12. J. A. Burton and A. S. I. Zinober, “Continuous approximation of variable structure control,” International Journal of Systems Science, vol. 17, no. 6, pp. 875–885, 1986. View at: Publisher Site | Google Scholar
  13. L. Amet, M. Ghanes, and J.-P. Barbot, “HOSM control under quantization and saturation constraints: zig-Zag design solutions,” in Proceedings of the IEEE IEEE Conference on Decision & Control, pp. 5494–5498, Maui, HI, USA, December 2013. View at: Publisher Site | Google Scholar
  14. H. M. Becerra, J. A. Colunga, and J. G. Romero, “Robust trajectory tracking controllers for pose-regulation of wheeled mobile robots,” in Proceedings of the 2016 IEEE/RSJ International Conference on Intelligent Robots and Systems, IROS 2016, pp. 1041–1047, Institute of Electrical and Electronics Engineers Inc., Daejeon, Republic of Korea, October 2016. View at: Publisher Site | Google Scholar
  15. E. El'Youssed, N. A. Martins, E. R. D. Pieri et al., “PD-Super-Twisting second order sliding mode tracking control for a nonholonomic wheeled mobile robot,” IFAC Proceedings Volumes, vol. 45, no. 22, pp. 429–434, 2012. View at: Publisher Site | Google Scholar
  16. S. Ankalaki, S. C. Gupta, B. P. Prasath et al., “Design and implementation of neural network based non linear control system (LQR) for target tracking mobile robots,” in Proceedings of the International Conference on Advances in Computing, Bangalore, India, September 2018. View at: Publisher Site | Google Scholar
  17. M. Boukens, A. Boukabou, and M. Chadli, “Robust adaptive neural network-based trajectory tracking control approach for nonholonomic electrically driven mobile robots,” Robotics and Autonomous Systems, vol. 92, pp. 30–40, 2017. View at: Publisher Site | Google Scholar
  18. X. Wu, P. Jin, T. Zou et al., “Backstepping trajectory tracking based on fuzzy sliding mode control for differential mobile robots,” Journal of Intelligent & Robotic Systems, vol. 96, no. 1, pp. 109–121, 2019. View at: Publisher Site | Google Scholar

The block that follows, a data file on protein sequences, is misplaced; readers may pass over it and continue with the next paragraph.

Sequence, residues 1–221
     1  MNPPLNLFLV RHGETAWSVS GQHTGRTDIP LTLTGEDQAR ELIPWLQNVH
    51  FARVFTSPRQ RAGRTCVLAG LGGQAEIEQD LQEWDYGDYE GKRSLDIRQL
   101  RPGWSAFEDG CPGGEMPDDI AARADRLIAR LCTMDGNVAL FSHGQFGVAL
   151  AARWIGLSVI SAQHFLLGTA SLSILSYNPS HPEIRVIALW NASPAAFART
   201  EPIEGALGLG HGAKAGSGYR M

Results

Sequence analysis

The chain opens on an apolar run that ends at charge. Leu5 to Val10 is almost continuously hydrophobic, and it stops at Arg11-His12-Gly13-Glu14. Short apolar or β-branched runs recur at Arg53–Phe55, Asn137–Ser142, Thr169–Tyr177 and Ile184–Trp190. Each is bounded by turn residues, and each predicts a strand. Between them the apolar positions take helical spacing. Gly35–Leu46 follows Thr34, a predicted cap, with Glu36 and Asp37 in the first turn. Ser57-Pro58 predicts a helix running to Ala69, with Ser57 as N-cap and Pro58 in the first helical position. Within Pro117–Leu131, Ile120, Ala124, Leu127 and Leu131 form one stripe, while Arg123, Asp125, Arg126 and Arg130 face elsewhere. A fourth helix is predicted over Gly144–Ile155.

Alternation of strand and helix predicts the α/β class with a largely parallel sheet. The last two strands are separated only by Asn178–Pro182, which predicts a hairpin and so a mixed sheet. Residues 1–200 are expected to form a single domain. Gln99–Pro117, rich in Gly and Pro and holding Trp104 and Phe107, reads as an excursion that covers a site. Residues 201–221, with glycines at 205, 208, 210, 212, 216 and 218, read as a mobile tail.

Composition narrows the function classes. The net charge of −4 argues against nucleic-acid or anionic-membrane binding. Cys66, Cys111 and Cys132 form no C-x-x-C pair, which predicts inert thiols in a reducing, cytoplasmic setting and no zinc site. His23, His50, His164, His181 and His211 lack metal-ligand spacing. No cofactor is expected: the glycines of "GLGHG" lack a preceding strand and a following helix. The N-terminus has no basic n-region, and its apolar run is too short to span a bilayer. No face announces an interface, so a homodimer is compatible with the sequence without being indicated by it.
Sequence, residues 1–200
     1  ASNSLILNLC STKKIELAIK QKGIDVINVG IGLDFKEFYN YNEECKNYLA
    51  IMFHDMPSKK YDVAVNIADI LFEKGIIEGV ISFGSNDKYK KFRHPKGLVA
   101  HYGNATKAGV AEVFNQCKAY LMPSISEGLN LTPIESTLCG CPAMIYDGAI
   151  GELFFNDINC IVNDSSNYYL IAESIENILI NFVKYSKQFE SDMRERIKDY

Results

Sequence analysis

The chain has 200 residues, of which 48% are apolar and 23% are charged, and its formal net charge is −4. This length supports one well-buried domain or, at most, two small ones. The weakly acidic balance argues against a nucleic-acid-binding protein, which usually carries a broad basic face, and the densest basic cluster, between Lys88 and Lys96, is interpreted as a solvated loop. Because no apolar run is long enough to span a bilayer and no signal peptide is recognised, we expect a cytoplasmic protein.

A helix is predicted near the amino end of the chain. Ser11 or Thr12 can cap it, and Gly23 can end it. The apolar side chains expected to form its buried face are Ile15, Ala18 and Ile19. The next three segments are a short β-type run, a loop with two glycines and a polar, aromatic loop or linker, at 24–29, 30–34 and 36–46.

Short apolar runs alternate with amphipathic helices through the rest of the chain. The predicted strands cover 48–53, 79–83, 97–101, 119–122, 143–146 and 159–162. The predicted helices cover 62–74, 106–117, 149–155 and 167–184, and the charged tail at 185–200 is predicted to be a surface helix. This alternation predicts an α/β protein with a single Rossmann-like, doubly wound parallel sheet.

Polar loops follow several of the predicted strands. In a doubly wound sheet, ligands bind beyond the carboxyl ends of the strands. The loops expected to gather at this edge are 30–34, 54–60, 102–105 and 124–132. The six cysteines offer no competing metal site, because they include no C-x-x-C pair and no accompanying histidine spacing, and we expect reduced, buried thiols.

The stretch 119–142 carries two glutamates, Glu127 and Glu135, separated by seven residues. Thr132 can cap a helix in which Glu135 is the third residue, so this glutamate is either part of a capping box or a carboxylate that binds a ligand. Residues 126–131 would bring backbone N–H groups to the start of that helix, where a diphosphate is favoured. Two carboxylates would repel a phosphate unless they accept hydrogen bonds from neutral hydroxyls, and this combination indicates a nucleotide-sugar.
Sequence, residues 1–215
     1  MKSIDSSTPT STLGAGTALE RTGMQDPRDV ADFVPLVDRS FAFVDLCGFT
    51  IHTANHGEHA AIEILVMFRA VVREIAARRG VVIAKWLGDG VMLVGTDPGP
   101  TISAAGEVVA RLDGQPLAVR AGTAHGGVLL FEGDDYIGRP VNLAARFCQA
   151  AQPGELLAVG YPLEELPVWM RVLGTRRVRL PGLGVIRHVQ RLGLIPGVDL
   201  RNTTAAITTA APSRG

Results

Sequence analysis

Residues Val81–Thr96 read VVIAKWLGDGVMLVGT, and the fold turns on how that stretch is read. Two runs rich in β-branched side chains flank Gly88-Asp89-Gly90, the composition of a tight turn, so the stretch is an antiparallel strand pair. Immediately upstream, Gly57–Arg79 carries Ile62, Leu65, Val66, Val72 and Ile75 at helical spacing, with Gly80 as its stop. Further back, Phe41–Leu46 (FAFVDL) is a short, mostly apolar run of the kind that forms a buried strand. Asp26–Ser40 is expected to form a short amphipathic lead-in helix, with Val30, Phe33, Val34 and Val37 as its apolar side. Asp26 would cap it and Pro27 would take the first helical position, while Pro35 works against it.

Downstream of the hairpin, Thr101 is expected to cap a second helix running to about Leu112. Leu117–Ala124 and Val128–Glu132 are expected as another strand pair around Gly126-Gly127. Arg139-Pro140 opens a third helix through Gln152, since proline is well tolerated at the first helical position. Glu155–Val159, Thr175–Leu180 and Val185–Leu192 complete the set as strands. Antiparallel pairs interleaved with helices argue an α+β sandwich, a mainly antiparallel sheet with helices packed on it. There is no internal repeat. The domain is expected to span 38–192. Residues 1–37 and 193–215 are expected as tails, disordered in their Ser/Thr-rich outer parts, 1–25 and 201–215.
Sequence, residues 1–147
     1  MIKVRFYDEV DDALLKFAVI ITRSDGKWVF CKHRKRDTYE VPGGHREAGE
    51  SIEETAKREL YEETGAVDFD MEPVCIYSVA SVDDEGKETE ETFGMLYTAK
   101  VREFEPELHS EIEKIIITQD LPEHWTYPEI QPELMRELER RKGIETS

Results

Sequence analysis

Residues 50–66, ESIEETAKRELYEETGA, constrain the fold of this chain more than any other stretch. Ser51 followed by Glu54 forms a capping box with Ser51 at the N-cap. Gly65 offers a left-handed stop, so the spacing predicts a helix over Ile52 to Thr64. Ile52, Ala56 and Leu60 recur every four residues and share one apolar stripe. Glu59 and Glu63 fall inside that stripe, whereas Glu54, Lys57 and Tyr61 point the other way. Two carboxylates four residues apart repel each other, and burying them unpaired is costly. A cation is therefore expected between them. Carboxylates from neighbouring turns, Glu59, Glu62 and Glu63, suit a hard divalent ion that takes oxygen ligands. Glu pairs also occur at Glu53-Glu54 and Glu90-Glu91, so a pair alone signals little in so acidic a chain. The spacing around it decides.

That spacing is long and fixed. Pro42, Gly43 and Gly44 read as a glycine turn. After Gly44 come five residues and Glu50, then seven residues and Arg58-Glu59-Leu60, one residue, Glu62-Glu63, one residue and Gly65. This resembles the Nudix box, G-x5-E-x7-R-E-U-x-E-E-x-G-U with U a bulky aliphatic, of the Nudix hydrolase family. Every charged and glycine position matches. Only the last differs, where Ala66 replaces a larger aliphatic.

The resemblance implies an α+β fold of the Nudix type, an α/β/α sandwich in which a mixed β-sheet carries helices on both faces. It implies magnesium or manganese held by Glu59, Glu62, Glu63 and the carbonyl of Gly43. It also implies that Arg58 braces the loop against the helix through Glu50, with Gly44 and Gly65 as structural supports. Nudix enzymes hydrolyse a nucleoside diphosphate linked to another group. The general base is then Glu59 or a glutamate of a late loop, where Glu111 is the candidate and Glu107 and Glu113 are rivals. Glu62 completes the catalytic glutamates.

19. H.-M. Wu and M. Karkoub, “Hierarchical fuzzy sliding-mode adaptive control for the trajectory tracking of differential-driven mobile robots,” International Journal of Fuzzy Systems, vol. 21, no. 1, pp. 33–49, 2019. View at: Publisher Site | Google Scholar
  20. L. Ovalle, H. Ríos, M. Llama, V. Santibáñez, and A. Dzul, “Omnidirectional mobile robot robust tracking: sliding-mode output-based control approaches,” Control Engineering Practice, vol. 85, pp. 50–58, 2019. View at: Publisher Site | Google Scholar
  21. S. Keshtkar and A. Poznyak, “Adaptive sliding mode controller based on super-twist observer for tethered satellite system,” International Journal of Control, vol. 89, no. 9, pp. 1904–1915, 2016. View at: Publisher Site | Google Scholar
  22. H. K. Khalil and L. Praly, “High-gain observers in nonlinear feedback control,” International Journal of Robust and Nonlinear Control, vol. 24, no. 6, pp. 993–1015, 2014. View at: Publisher Site | Google Scholar
  23. H. Liu and H. K. Khalil, “Output feedback stabilization using super-twisting control and high-gain observer,” International Journal Of Robust And Nonlinear Control, vol. 29, no. 3, pp. 601–617, 2019. View at: Publisher Site | Google Scholar
  24. A. Chalanga, “Implementation of super-twisting control on higher order perturbed integrator system using higher order sliding mode observer,” IEEE Transactions on Industrial Electronics, vol. 49, no. 18, pp. 873–878, 2016. View at: Publisher Site | Google Scholar
  25. A. Daniele, “Stubborn ISS redesign for nonlinear high-gain observers,” IFAC PapersOnline, vol. 50, no. 1, pp. 15422–15427, 2017. View at: Publisher Site | Google Scholar
  26. H. K. Khalil, “Cascade high-gain observers in output feedback control,” Automatica, vol. 80, pp. 110–118, 2017. View at: Publisher Site | Google Scholar
  27. H. K. Khalil, Nonlinear Control: Chinese Translation Version, Mechanical Industry Publishing, Beijing, China, 2016.

Copyright © 2020 Haitao Liu et al. This is an open access article distributed under the Creative Commons Attribution License, which permits unrestricted use, distribution, and reproduction in any medium, provided the original work is properly cited.

More related articles

 PDF Download Citation Citation
 Download other formatsMore
 Order printed copiesOrder

Related articles

Article of the Year Award: Outstanding research contributions of 2020, as selected by our Chief Editors. Read the winning articles.